The San Francisco Bay Area may be one of the most disaster-prone parts of the country.
How can that be “good for business”?
There are “seven significant fault lines” – shown in red – running through San Francisco and the Bay Area – US Geological Survey
I’ve been to San Francisco, taking a flight that arrived late at night. I awoke the next morning to a “minor” earthquake, a low-sounding rumble that caused pictures on the walls to flop around, the door to open, creaking and moving, while I was scared out of my wits.
Beautiful city, but earthquakes – definitely not for me…
California’s Antelope Valley freeway passes near folded layers of sediment above the San Andreas Fault. David McNew/Getty Images
…and wouldn’t driving by this every day be a constant reminder of looming disaster?
People who live in the area experience small earthquakes and shakes all the time. But those aren’t the rumbles that scare seismologists.
It’s the bigger, disastrous quakes scientists are really worried about.
And they say San Francisco is due for another soon.
The New York Times recently estimated that more than 100 of the city’s tallest buildings (higher than 22 stories) have been built in areas with a “very high” chance of liquefaction in an earthquake.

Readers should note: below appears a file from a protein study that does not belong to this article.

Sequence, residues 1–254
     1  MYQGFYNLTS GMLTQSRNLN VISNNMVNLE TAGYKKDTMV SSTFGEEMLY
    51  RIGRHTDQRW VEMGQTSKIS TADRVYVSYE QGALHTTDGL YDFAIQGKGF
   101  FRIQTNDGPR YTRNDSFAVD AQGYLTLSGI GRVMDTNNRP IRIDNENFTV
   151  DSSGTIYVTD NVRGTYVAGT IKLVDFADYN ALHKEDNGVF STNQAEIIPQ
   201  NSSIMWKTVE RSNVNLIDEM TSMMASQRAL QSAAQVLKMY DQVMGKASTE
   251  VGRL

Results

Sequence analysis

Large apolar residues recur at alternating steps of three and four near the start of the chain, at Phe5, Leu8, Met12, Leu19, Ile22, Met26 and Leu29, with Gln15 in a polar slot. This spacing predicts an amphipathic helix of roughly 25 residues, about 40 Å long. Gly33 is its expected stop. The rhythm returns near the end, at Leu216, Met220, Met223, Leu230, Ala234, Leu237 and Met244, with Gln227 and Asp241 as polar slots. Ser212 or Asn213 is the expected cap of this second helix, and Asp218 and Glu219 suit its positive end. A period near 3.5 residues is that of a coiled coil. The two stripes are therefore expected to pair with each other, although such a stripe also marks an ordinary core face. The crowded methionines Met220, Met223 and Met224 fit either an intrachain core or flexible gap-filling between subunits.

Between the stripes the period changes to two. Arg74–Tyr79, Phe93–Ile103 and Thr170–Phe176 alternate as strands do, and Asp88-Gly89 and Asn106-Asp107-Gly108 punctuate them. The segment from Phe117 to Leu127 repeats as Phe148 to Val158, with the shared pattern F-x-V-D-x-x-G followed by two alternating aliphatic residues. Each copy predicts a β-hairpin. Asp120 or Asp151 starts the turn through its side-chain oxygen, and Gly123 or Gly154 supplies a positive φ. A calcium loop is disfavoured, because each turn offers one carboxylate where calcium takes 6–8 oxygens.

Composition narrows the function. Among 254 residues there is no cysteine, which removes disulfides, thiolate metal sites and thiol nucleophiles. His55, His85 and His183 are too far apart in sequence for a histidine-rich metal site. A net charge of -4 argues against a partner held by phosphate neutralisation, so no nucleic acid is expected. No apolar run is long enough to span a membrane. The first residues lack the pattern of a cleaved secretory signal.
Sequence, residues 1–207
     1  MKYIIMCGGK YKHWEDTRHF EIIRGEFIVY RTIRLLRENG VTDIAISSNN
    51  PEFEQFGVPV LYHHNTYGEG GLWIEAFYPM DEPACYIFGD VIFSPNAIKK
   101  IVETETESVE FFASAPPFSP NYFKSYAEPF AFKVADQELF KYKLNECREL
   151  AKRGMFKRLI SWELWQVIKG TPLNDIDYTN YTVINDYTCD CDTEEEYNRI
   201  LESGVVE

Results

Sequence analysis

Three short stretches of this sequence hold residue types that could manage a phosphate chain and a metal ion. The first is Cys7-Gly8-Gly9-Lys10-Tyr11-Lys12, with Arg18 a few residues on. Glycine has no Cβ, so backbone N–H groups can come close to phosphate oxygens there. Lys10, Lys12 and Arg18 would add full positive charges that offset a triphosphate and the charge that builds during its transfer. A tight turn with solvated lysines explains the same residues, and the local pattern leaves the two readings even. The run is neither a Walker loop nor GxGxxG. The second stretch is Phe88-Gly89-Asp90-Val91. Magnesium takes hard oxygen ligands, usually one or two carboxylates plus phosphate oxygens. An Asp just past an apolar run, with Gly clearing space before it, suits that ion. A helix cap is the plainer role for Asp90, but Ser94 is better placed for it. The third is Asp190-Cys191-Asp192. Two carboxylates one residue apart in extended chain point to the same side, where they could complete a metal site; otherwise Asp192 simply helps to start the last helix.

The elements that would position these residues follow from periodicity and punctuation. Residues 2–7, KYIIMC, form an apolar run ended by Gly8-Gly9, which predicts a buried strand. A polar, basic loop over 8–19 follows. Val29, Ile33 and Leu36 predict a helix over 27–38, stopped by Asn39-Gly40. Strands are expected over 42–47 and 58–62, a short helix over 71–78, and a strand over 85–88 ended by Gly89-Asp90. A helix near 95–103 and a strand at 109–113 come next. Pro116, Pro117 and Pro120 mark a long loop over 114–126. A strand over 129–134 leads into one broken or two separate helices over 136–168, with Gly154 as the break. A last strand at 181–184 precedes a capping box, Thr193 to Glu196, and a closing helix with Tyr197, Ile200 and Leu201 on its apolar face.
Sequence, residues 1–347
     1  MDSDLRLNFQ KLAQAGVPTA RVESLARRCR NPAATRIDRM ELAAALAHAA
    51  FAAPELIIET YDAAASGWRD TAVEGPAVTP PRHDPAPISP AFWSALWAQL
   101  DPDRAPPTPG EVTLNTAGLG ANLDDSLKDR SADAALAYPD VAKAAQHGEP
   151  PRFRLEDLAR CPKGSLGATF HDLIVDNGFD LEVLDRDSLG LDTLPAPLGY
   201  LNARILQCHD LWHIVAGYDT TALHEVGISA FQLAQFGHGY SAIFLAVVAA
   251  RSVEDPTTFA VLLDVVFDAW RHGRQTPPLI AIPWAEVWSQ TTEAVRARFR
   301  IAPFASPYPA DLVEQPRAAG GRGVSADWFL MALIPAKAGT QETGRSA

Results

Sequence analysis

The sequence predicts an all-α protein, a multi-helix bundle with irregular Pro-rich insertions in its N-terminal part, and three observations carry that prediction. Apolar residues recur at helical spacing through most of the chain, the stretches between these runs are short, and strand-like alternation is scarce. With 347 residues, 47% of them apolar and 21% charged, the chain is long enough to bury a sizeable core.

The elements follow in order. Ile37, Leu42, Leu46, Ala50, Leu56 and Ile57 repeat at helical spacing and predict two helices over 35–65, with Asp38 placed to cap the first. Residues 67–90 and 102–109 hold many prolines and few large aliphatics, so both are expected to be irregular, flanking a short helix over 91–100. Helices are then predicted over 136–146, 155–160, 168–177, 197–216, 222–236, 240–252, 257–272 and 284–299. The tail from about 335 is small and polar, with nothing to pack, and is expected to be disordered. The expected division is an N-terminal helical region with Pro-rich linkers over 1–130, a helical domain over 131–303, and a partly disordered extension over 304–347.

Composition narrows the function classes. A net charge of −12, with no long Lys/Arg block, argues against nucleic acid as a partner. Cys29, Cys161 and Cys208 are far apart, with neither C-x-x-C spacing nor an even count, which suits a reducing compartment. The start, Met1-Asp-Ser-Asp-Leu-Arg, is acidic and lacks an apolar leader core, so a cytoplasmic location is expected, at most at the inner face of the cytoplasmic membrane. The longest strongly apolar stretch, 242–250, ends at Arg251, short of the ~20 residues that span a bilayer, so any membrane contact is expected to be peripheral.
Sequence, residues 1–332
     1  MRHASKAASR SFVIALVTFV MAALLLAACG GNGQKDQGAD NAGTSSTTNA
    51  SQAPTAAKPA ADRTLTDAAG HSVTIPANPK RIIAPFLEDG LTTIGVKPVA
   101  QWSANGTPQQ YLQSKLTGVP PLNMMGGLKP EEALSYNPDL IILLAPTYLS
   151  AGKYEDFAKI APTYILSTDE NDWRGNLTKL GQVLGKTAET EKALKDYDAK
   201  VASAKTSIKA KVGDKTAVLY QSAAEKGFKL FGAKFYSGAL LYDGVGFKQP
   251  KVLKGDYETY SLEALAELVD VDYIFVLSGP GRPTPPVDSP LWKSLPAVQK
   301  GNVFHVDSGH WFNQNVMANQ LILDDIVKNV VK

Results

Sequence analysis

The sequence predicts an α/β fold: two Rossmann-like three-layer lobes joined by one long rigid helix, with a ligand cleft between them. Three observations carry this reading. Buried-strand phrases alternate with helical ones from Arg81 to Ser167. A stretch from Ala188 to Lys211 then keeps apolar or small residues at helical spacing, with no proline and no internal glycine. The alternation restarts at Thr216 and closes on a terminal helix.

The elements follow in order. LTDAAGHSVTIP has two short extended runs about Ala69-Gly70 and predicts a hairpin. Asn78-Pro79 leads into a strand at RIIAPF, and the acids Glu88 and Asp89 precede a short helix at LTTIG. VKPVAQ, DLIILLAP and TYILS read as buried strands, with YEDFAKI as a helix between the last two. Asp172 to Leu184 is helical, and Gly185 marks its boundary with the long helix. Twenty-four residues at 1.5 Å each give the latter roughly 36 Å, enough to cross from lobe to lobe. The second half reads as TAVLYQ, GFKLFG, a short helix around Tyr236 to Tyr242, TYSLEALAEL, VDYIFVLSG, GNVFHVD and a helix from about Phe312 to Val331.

Can you imagine being there for “The Big One”? looking toward The Pyramid (TransAmerica Building) and other skyscrapers, watching them sway, crumble and collapse? Then the hell-fires start with no way to put them out.
Marina district was hit hard by the 6.9 magnitude Loma Prieta Earthquake on October 17, 1989. Otto Greule Jr /Getty
The Marina District was built on top of 19th century garbage used as landfill. Some of the most expensive real estate in the US will be destroyed by earthquakes and the resulting fires. How do they get homeowners insurance without it costing a fortune?
Find out more about ALL the looming disasters – not just earthquakes – science says are in store for the “Tekkies” taking over San Francisco and the Bay Area at businessinsider.com: San Francisco Bay Area is a nightmare, according to science – Business Insider